A Song Celebrating the King’s Marriage.
To the Chief Musician; set to the [tune of] “Lilies.” A Psalm of the sons of Korah. A skillful song, or a didactic or reflective poem. A Song of Love.
1 # Jesus spoke of what was written of Him “in the Psalms” (see Luke 24:44). This is one such Messianic psalm; however, the capitalization indicating the deity is provided with the understanding that the chapter is written against the background of an ordinary royal wedding with anonymous participants. The New Testament reference to this psalm is in Heb 1:8, 9, where vv 6, 7 is quoted and applied to Christ. The preceding verses could also be applied to Christ, as well as most of the following verses referring to the King. However, v 16 can only apply to a mortal king (see note there). My heart overflows with a good theme;
I address my psalm to the King.
My tongue is like the pen of a skillful writer.
2You are fairer than the sons of men;
Graciousness is poured upon Your lips;
Therefore God has blessed You forever.
3Strap Your sword on Your thigh, O mighty One,
In Your splendor and Your majesty!
4And in Your majesty ride on triumphantly
For the cause of truth and humility and righteousness;
Let Your right hand guide You to awesome things.
5Your arrows are sharp;
The peoples (nations) fall under You;
Your arrows pierce the hearts of the King’s enemies.
6 # This verse has mystified many commentators since God is distinguished from the King in vv 2 and 7, and various translations have been proposed to make the Hebrew rendered “O God” something other than a reference to the deity of the King. But the writer of Hebrews clearly understood it this way. Your throne, O God, is forever and ever;
The scepter of uprightness is the scepter of Your kingdom.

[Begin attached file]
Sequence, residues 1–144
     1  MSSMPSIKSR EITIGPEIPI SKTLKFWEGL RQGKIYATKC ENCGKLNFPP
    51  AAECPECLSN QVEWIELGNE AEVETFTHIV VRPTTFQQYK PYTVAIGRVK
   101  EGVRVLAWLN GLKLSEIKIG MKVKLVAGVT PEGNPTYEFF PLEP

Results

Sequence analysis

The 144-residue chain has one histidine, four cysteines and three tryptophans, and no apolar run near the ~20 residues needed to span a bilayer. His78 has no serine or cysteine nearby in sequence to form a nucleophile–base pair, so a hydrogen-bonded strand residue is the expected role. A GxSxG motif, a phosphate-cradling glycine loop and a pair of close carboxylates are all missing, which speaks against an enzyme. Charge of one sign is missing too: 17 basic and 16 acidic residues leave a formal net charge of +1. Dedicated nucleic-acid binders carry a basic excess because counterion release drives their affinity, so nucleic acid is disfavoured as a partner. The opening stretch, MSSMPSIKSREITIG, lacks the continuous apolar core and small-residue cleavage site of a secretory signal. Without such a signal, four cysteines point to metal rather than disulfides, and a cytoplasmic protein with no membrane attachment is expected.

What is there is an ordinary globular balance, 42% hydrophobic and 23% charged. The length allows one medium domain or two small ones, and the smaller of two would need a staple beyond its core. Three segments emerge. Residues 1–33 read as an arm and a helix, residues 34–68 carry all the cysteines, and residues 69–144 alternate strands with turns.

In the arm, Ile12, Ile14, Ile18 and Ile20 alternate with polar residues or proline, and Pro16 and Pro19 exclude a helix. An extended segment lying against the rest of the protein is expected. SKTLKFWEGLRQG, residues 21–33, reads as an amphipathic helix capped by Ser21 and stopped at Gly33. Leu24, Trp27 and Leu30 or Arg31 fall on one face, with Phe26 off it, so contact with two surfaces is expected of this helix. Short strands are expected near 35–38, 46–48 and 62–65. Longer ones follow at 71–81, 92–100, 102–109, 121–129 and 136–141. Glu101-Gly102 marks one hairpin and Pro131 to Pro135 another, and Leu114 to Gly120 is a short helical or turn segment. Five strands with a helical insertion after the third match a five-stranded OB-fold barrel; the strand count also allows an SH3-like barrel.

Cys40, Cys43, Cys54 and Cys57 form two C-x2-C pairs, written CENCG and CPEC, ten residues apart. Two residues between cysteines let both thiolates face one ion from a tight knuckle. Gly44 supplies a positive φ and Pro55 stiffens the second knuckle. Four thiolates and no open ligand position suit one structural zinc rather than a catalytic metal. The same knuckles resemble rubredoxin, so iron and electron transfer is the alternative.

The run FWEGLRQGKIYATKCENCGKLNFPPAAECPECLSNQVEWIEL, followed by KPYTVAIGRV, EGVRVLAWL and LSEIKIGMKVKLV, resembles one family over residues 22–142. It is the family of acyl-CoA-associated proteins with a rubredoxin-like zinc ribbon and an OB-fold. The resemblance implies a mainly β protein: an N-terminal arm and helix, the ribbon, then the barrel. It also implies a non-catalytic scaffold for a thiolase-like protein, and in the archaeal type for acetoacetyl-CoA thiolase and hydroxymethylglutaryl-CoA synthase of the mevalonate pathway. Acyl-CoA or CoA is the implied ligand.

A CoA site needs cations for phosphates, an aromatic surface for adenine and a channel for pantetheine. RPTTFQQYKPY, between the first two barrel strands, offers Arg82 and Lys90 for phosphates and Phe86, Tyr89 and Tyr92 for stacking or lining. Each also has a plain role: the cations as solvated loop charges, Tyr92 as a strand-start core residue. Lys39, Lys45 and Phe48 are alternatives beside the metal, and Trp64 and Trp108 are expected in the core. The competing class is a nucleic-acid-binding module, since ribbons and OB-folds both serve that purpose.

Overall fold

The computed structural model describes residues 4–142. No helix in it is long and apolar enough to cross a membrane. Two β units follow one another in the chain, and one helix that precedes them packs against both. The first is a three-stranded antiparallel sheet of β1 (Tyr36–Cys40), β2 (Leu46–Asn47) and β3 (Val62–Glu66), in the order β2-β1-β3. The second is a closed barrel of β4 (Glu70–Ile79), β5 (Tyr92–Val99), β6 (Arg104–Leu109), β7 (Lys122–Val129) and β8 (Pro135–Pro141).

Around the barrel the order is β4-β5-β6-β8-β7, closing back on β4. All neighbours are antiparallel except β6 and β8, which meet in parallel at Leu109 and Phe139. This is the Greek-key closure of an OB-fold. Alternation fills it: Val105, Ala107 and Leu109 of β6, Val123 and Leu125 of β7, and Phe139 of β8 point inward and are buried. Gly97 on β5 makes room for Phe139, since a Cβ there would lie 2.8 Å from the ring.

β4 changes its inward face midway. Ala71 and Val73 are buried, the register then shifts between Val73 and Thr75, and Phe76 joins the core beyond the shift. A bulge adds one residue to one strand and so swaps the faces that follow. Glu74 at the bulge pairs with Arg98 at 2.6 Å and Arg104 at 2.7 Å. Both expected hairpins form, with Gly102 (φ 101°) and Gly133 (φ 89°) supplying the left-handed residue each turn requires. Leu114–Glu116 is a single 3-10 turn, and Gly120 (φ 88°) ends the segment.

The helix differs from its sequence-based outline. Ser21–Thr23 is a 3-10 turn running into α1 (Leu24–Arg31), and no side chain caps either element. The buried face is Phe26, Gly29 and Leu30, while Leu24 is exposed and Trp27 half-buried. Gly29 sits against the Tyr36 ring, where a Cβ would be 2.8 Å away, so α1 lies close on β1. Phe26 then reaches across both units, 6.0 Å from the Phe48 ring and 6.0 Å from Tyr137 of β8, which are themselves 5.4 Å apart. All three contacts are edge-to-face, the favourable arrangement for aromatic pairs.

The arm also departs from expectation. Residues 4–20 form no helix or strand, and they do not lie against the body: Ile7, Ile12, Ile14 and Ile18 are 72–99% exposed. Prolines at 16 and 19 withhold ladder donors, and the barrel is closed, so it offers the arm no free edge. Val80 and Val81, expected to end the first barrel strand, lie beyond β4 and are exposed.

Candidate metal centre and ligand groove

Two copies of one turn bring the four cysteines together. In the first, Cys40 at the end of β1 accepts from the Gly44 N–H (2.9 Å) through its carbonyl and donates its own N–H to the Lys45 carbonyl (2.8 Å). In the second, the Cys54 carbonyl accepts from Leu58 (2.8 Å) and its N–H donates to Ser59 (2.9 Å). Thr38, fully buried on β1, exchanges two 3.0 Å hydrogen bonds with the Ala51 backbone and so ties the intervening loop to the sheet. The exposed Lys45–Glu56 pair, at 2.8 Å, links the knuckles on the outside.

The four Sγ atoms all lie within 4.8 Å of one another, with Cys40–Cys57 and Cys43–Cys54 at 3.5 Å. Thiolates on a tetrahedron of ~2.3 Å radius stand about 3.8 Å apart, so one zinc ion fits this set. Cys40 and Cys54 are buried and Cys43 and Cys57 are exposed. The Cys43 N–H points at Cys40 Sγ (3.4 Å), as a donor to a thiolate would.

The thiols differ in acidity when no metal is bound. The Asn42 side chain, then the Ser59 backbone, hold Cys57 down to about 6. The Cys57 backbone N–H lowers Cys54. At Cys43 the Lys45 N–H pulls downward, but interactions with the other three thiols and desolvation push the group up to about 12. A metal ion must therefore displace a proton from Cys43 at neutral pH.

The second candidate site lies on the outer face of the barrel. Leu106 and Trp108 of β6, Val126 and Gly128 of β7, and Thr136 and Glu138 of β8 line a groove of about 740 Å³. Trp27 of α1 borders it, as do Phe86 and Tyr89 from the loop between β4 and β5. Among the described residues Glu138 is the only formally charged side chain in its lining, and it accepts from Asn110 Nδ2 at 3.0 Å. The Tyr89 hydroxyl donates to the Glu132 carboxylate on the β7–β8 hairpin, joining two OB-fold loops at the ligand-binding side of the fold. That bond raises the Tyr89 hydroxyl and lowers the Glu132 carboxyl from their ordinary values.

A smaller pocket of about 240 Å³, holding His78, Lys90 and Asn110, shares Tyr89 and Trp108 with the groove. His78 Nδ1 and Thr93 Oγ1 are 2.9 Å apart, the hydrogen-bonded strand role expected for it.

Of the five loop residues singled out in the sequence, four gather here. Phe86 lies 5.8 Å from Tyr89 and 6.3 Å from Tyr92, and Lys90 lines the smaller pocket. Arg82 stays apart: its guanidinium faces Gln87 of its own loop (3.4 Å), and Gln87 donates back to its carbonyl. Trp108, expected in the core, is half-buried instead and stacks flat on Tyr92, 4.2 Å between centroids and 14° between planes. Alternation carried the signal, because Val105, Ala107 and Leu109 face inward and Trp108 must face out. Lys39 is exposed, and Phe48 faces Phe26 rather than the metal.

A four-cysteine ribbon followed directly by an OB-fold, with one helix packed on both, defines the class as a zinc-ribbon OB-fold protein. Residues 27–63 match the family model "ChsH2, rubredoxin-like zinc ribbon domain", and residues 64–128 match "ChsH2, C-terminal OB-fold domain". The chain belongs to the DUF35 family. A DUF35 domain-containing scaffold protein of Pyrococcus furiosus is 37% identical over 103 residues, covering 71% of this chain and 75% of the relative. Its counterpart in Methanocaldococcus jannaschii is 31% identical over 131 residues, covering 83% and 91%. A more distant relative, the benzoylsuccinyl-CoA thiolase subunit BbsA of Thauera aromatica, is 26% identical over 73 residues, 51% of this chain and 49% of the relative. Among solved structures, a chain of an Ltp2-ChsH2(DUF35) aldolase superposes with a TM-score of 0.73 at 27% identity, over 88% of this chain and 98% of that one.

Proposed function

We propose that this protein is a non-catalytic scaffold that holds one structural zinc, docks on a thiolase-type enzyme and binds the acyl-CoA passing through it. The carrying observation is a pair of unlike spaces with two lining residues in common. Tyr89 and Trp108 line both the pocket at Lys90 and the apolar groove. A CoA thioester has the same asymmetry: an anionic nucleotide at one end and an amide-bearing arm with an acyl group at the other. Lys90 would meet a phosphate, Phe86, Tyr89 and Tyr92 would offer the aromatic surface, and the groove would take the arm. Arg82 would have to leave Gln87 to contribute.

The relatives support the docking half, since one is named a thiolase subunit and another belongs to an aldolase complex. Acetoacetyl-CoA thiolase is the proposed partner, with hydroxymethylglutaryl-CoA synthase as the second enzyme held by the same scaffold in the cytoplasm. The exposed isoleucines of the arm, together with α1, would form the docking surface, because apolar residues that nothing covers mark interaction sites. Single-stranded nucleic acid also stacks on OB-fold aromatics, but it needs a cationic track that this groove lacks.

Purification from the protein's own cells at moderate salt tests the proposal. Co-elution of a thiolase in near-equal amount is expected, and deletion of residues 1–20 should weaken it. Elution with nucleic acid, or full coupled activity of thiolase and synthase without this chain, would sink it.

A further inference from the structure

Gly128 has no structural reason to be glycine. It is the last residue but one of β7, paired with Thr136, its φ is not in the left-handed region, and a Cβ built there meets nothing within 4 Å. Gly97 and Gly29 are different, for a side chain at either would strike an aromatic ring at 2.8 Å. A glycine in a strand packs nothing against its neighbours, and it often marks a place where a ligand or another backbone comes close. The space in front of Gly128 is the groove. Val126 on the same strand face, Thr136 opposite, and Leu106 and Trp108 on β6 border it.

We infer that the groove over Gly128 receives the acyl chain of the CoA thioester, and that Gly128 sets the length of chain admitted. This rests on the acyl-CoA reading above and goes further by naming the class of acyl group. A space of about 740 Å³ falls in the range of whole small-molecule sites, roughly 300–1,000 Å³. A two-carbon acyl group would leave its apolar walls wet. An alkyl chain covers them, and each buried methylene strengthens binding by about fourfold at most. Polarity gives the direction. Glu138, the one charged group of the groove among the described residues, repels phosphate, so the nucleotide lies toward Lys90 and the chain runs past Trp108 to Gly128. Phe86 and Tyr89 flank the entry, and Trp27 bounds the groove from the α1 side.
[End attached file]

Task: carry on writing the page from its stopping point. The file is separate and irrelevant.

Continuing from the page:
7You have loved righteousness (virtue, morality, justice) and hated wickedness;
Therefore God, your God, has anointed You
Above Your companions with the oil of jubilation.
8All Your garments are fragrant with myrrh, aloes and cassia;
From ivory palaces stringed instruments have made You glad.
9Kings’ daughters are among Your noble ladies;
At Your right hand stands the queen in gold from Ophir.
10Hear, O daughter, consider and incline your ear [to my instruction]:
Forget your people and your father’s house;
11Then the King will desire your beauty;
Because He is your Lord, bow down and honor Him.
12The daughter of Tyre will come with a gift;
The rich among the people will seek your favor.
13Glorious is the King’s daughter within [the palace];
Her robe is interwoven with gold.
14She will be brought to the King in embroidered garments;
The virgins, her companions who follow her,
Will be brought to You.
15With gladness and rejoicing will they be led;
They will enter into the King’s palace.
16In place of your fathers will be #Unlike the other references to the King, this verse cannot be applied prophetically to Christ because He had no children. But it is not unusual for a prophecy to have more than one fulfillment (typically in the near future of the prophecy and another in the distant future), and by analogy there is no reason why this psalm cannot refer both to an ordinary king and to the future Messianic King.your sons;
You shall make princes in all the land.
17I will make Your name to be remembered in all generations;
Therefore the peoples will praise and give You thanks forever and ever.